On the recent DVD release of zombie classic Dawn of the Dead, makeup maestro Tom Savini describes the scene where the zombie loses the top of his head to a helicopter blade. A guy ripped a prosthetic from the top of an actors head while two guys off camera pumped the blood through pipes up to the top of his head (the helicopter blades were animated in later).

Savini has talked before of fond memories from his teen years raiding his mother’s makeup for materials. So all you need to succeed in makeup effects — it seems — is the imagination and passion to do so. Most of the big, expensive makeup methods are just more elaborate versions of washing up gloves filled with red paint and small pipe bombs.

In fact, many of the technologies that emerged from the splatter years (and indeed, from the days of Lon Chaney Sr. in the early 20th Century) are still widely used simply because a better alternative hasn’t been discovered, and that’s as true in Hollywood as anywhere. In 1968 John Chambers used foam latex for the makeup in Planet of the Apes, and in the 2001 remake, Rick Baker used exactly the same process.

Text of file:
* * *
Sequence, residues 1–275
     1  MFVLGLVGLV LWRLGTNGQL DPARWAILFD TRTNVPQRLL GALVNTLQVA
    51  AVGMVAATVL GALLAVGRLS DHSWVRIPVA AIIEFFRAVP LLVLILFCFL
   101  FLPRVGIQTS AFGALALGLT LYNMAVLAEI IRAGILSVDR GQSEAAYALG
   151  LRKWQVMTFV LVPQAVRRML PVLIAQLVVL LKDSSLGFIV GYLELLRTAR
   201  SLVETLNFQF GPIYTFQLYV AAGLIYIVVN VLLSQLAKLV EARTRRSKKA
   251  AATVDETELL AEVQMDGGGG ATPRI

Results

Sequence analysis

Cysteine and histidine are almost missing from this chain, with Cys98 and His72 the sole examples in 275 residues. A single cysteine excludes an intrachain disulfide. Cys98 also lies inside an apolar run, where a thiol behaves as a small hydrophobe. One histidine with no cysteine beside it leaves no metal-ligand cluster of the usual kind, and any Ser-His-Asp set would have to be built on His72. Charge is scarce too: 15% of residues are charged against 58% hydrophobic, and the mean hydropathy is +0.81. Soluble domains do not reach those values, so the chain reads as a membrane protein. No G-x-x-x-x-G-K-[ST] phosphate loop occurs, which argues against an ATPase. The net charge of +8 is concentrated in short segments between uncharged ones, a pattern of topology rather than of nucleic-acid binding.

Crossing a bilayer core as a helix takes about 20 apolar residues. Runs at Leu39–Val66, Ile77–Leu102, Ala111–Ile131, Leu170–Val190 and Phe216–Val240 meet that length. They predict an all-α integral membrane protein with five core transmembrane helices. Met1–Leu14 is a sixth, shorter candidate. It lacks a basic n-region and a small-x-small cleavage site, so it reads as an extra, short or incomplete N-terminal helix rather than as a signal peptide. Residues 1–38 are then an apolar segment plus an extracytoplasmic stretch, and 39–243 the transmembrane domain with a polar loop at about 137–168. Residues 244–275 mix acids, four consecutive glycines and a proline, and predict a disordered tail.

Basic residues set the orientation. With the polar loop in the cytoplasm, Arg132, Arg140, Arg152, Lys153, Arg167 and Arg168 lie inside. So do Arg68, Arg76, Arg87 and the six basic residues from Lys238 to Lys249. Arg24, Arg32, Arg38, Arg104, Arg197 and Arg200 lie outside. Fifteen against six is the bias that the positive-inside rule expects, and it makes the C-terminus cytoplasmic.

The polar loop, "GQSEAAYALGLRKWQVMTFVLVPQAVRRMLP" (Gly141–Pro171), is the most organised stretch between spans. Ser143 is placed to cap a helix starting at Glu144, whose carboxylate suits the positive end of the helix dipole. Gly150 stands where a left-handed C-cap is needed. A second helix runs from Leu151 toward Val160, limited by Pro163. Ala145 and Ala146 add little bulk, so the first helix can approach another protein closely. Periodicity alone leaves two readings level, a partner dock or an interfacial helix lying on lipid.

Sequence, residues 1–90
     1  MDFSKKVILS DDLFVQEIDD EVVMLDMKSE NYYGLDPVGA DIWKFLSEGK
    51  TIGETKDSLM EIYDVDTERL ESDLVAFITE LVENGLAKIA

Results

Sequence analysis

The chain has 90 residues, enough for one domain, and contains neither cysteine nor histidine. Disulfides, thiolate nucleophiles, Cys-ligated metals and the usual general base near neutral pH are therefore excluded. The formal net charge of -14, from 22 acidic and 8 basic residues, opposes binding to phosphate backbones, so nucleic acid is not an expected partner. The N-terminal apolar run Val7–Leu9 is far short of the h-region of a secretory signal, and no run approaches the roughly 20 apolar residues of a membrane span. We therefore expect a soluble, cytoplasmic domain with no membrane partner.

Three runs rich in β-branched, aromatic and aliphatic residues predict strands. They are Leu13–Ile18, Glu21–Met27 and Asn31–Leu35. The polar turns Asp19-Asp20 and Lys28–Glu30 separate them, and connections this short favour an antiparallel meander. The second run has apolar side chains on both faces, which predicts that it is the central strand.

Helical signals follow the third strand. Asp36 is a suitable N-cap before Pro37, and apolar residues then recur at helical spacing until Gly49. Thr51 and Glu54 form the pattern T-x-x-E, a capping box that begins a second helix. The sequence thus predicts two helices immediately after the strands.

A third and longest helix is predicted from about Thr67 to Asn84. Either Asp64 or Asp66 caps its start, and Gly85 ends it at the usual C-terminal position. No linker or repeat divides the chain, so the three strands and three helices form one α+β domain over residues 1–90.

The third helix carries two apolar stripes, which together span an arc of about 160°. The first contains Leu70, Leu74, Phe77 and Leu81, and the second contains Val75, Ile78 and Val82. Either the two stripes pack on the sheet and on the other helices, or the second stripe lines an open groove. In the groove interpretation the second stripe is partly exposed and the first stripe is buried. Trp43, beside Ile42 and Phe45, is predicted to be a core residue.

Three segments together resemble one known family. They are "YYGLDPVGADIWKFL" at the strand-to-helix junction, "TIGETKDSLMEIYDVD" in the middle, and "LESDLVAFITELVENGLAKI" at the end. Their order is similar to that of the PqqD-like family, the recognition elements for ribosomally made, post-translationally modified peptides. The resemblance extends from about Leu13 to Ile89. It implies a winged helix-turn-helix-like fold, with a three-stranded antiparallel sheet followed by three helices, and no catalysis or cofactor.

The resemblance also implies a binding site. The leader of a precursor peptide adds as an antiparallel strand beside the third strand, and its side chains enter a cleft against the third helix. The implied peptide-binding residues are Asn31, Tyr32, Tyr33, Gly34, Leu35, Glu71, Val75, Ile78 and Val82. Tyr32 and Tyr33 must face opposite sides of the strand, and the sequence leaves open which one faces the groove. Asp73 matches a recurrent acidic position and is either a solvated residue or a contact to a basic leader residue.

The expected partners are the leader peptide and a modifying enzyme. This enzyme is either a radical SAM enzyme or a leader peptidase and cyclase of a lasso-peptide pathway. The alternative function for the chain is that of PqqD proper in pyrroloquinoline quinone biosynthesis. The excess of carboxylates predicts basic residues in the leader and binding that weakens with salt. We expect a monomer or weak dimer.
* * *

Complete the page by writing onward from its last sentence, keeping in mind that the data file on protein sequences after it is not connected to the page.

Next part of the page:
‘Although we now use silicones to create skins that give us a realistic effect, foam latex is still a great material for prosthetics,’ says MEG’s Katte. ‘With a good realistic paint job, it’s indistinguishable from skin.’

Filming Cabin Fever in 2002, director Eli Roth explained how there are different kinds of blood depending on the shot (blood on the body or splattered on walls is different from the stuff you can put in people’s mouths), but admitted the recipe is no more complicated than corn flour and food colouring.